Saturday, June 27, 2015

A Future Without Rules

The Supreme Court's gay marriage verdict has Ross Douthat ruminating on the relationship between the rise of gay marriage and the decline of the old-fashioned straight version:
But in one of the ironies in which the arc of history specializes, while the conservative case for same-sex marriage triumphed in politics, the liberationist case against marriage’s centrality to human flourishing was winning in the wider culture.

You would not know this from Kennedy’s opinion, which is relentlessly upbeat about how “new insights have strengthened, not weakened” marriage, bringing “new dimensions of freedom” to society.

But the central “new dimension of freedom” being claimed by straight America is a freedom from marriage — from the institution as traditionally understood, and from wedlock and family, period. . . .

Since the ’90s, approval of divorce, premarital sex, and out-of-wedlock childbearing have climbed steadily, and the belief that children are “very important” to marriage has collapsed. Kennedy’s ruling argues that the right to marry is essential, in part, because the institution “safeguards children and families.” But the changing cultural attitudes that justify his jurisprudence increasingly treat this safeguard as inessential, a potentially nice but hardly necessary thing.

And the same is true of marriage itself. America is not quite so “advanced” as certain European societies, but our marriage rate is at historic lows, with the millennial generation, the vanguard of support for same-sex marriage, leading the retreat. Millennials may agree with Kennedy’s ruling, but they’re making his view of marriage as “a keystone of the nation’s social order” look antique. In their views and (lack of) vows, they’re taking a more relaxed perspective, in which wedlock is malleable and optional, one way among many to love, live, rear kids — or not.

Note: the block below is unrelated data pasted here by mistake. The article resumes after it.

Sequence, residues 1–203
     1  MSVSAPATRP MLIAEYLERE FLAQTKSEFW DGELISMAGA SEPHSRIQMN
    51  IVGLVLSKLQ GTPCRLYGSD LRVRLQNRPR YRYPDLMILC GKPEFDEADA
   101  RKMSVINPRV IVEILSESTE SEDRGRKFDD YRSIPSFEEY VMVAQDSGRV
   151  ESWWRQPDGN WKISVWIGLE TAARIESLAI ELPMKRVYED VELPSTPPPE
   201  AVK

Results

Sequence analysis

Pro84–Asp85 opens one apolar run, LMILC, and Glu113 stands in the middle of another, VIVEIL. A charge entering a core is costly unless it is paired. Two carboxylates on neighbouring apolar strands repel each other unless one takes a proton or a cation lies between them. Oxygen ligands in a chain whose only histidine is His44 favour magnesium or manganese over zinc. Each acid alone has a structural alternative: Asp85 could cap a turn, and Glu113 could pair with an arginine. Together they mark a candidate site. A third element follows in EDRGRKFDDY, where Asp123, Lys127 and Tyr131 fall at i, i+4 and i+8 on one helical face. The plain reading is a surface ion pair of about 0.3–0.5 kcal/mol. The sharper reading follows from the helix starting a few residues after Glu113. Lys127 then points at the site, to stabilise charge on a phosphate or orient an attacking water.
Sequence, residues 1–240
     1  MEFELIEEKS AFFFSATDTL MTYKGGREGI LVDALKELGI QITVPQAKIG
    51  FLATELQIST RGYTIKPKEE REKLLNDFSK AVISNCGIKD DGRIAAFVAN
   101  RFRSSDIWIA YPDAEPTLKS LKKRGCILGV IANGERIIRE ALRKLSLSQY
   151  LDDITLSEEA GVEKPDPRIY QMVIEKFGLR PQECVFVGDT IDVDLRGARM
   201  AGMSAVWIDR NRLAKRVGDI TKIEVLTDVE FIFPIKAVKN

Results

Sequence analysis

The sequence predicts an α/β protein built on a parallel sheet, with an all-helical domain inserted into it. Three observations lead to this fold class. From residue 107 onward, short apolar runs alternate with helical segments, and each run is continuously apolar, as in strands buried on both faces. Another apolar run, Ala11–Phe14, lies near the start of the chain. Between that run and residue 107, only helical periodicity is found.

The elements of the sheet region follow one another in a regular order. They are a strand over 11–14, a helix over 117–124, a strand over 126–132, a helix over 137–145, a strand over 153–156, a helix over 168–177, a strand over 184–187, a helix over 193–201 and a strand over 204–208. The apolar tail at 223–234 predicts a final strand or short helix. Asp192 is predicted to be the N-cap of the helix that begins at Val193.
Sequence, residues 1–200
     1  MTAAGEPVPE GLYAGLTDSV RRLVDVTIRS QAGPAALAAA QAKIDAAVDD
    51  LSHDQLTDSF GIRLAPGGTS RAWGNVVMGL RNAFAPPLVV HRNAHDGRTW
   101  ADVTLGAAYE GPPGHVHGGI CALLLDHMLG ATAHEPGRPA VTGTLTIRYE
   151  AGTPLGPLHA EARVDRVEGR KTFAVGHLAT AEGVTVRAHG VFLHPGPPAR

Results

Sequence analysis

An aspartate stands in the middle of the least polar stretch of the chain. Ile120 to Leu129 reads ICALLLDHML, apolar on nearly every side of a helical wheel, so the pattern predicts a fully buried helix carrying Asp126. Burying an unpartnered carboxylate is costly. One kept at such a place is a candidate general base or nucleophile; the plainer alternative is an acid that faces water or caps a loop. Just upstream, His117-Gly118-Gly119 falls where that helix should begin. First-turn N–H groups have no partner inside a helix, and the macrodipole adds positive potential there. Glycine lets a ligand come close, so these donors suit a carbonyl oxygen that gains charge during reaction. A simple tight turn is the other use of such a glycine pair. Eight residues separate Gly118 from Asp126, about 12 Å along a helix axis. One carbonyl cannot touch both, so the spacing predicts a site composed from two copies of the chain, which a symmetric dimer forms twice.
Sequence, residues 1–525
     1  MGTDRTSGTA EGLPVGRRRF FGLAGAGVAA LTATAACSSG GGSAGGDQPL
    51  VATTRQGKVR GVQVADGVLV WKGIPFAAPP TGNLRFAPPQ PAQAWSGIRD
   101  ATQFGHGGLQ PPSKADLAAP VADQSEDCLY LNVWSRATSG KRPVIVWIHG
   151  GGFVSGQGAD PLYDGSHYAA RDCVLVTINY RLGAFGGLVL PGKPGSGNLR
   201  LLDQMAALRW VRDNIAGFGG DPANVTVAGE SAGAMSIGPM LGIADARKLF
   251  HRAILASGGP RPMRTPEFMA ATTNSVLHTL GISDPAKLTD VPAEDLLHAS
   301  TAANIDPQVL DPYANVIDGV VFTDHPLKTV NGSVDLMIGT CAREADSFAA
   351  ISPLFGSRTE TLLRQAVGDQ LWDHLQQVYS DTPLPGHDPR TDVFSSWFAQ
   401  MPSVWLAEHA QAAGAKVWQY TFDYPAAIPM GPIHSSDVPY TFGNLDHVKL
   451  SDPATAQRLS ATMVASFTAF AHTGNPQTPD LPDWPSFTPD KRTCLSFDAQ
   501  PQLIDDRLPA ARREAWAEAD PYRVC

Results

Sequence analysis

In this sense, the gay rights movement has won twice over. Its conservative wing won the right to normalcy for gay couples, while rapid cultural change has made the definition of normalcy less binding than the gay left once feared.
Despite the scorn thrown in this direction by liberals, this argument is not silly. Not because the rise of gay marriage is causing the decline of straight marriage, but because both are expressions of a deeper change in society, from a world in which most people do what they parents did, and organize their lives as their neighbors do, to one in which we are much more free to make our own arrangements and pick our own paths. As Douthat says, and as I have said here many times, there is not much evidence that this rise in freedom is making people happier.

To me, though, conservative arguments about the loss of "family values" are whistling in the wind. Medieval society is gone, and it wasn't just the sexual revolution that killed it. These changes go back to the 18th century, to the rise of a new economy based on mastering rapidly changing technologies and the Enlightenment's rejection of religious authority. The invention of modern democracy and the rejection of aristocratic privilege were very much part of this movement; if you read what defenders of aristocracy said during the American and French Revolutions you will see that many of them had the same fears as Douthat, that change would undermine family life and lead to a chaotic world of children running wild and ending up as criminals.

Douthat ignores one of the main realities that kept marriage "strong" in the 19th and 20th centuries, the gender discrimination that kept women from being able to make a living. Look back to the 1970s and you see, again, that the people who opposed "women's lib" had the same fears: that these changes would undermine family life and social order.